Remnants of a stone structure near the ocean along Slea Head Drive. (Chloe Coleman/ The Washington Post)

Ireland, we decided: the west coast of Ireland. Offseason, when accommodations would be inexpensive. That’s how our party of three childhood friends found ourselves tooling along the Dingle Peninsula’s breathtaking Slea Head Drive on a (mostly) sunny day in February as the occasional squall came and went.

Our 10-day ad­ven­ture was minimally planned; choose the dates, buy the tickets, book a place to sleep in Dublin, rent a car and go. Each night, we would hover over our phones when we came across WiFi to debate our next destination.

Following a loosely sketched route along the country’s west coast, we traveled on easy highways until we got to Connemara, slowing as its country roads became narrow and winding. We headed to Clifden, then continued south, stopping in Galway and on to sightseeing at the Cliffs of Moher. After that, the roads became comically treacherous.

We spent two nights in Dingle. In the evenings, we had pints in local pubs and scribbled sightseeing suggestions from the other patrons on our coasters. Driving back to Dublin, we agreed that we need to see more of the west coast when we return to Ireland. It’s not a place you can only visit once.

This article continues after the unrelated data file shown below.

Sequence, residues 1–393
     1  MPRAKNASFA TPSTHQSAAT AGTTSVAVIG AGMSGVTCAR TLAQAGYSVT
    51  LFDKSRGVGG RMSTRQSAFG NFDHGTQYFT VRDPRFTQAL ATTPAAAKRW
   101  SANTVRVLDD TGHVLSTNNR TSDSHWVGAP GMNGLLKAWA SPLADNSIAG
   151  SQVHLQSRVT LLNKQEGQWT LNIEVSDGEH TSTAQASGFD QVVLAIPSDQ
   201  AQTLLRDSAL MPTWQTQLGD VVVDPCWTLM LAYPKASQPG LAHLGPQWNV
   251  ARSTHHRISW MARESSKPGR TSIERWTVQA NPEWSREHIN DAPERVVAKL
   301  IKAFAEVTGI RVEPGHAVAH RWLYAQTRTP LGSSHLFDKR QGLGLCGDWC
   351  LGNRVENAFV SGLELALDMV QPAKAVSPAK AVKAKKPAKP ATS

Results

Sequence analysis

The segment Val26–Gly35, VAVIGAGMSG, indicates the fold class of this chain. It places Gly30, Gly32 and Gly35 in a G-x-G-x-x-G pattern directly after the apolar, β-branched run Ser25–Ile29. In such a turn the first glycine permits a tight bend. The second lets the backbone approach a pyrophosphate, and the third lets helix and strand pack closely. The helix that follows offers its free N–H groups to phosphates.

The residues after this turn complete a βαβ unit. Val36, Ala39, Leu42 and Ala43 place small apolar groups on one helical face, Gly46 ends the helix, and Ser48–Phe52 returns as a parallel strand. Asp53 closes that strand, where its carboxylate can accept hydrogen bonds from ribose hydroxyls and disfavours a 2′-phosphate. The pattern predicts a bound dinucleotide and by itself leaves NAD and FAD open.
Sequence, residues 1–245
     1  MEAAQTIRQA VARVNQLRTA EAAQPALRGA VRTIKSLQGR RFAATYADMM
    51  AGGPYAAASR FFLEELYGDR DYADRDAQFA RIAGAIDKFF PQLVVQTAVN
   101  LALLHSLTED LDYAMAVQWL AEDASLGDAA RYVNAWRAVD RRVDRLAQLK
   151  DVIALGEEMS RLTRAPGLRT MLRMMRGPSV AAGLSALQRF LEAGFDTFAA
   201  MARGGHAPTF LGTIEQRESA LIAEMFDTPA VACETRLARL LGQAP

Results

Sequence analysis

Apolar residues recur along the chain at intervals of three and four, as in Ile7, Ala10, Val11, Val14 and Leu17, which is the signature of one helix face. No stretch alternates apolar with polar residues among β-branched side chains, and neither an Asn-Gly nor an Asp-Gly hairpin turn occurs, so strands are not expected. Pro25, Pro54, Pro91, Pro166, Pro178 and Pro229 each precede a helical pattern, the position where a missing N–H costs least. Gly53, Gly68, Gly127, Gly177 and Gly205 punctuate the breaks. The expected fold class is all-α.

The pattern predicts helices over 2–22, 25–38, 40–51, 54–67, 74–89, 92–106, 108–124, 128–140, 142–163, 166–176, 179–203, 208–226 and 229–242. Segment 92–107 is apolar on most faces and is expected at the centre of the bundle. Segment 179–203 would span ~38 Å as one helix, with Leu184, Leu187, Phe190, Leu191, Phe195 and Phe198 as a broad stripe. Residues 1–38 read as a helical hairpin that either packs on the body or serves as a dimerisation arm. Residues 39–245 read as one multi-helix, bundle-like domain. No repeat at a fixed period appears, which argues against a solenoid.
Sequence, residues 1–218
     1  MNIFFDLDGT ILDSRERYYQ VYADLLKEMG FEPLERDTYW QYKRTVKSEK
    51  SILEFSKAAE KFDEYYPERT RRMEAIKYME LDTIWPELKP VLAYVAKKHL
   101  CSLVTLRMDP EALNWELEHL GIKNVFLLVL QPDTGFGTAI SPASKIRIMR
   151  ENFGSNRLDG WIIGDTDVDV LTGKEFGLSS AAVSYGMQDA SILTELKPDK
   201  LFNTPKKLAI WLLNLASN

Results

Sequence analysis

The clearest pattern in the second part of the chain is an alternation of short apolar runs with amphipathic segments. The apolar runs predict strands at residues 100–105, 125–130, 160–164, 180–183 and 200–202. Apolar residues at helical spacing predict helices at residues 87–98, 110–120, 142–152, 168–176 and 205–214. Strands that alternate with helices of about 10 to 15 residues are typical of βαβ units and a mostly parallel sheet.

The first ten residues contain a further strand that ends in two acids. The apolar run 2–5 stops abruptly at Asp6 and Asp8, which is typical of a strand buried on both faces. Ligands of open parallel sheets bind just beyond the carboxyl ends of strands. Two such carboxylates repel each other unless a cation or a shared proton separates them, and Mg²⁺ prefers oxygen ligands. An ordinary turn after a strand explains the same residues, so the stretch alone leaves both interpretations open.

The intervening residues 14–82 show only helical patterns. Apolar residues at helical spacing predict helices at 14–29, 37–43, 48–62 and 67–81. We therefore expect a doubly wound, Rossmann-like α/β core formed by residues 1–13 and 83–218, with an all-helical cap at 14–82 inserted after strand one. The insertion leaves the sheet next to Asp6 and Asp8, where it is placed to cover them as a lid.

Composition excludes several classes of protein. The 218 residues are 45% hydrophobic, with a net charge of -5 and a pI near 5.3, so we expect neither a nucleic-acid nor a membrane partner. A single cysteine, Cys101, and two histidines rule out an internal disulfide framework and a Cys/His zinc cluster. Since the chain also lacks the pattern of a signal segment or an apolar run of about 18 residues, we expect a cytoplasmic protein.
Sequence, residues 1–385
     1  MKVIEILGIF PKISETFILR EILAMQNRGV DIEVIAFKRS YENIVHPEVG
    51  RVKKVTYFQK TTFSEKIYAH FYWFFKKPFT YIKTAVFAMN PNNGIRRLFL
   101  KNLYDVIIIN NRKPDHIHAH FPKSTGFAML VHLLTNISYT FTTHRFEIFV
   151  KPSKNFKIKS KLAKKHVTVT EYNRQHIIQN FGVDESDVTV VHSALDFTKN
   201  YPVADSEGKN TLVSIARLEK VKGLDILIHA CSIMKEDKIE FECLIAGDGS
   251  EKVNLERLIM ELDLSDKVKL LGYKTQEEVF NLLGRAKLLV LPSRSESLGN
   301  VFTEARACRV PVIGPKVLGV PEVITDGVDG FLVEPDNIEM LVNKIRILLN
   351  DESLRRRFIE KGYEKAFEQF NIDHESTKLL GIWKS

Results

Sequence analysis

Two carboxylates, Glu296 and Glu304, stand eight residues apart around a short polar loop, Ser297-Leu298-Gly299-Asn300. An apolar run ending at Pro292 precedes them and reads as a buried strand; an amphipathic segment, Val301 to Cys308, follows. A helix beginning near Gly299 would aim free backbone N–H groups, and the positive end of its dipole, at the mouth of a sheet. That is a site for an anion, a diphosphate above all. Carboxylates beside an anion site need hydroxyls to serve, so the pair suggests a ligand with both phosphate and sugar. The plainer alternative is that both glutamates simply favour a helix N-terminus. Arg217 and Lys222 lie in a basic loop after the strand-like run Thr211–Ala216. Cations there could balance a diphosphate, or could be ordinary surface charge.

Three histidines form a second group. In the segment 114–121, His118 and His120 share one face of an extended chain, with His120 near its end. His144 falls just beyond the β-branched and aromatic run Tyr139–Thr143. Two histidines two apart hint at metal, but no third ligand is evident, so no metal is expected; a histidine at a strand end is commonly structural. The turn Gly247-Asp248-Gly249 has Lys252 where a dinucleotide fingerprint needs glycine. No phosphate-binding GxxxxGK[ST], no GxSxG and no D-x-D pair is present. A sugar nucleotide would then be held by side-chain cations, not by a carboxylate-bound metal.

In Clifden, the Lavelle Art Gallery — housed in a 200-year-old building that has remained in the Lavelle family for six generations — specializes in work by artists who live in the west of Ireland. (Chloe Coleman/ The Washington Post)

A rainbow spans the landscape along the Dingle Peninsula’s Slea Head Drive, a circular route beginning and ending in Dingle. (Chloe Coleman/ The Washington Post)

Near the edge of the Cliffs of Moher, visitors watch their footing on a precarious walkway. (Chloe Coleman/ The Washington Post)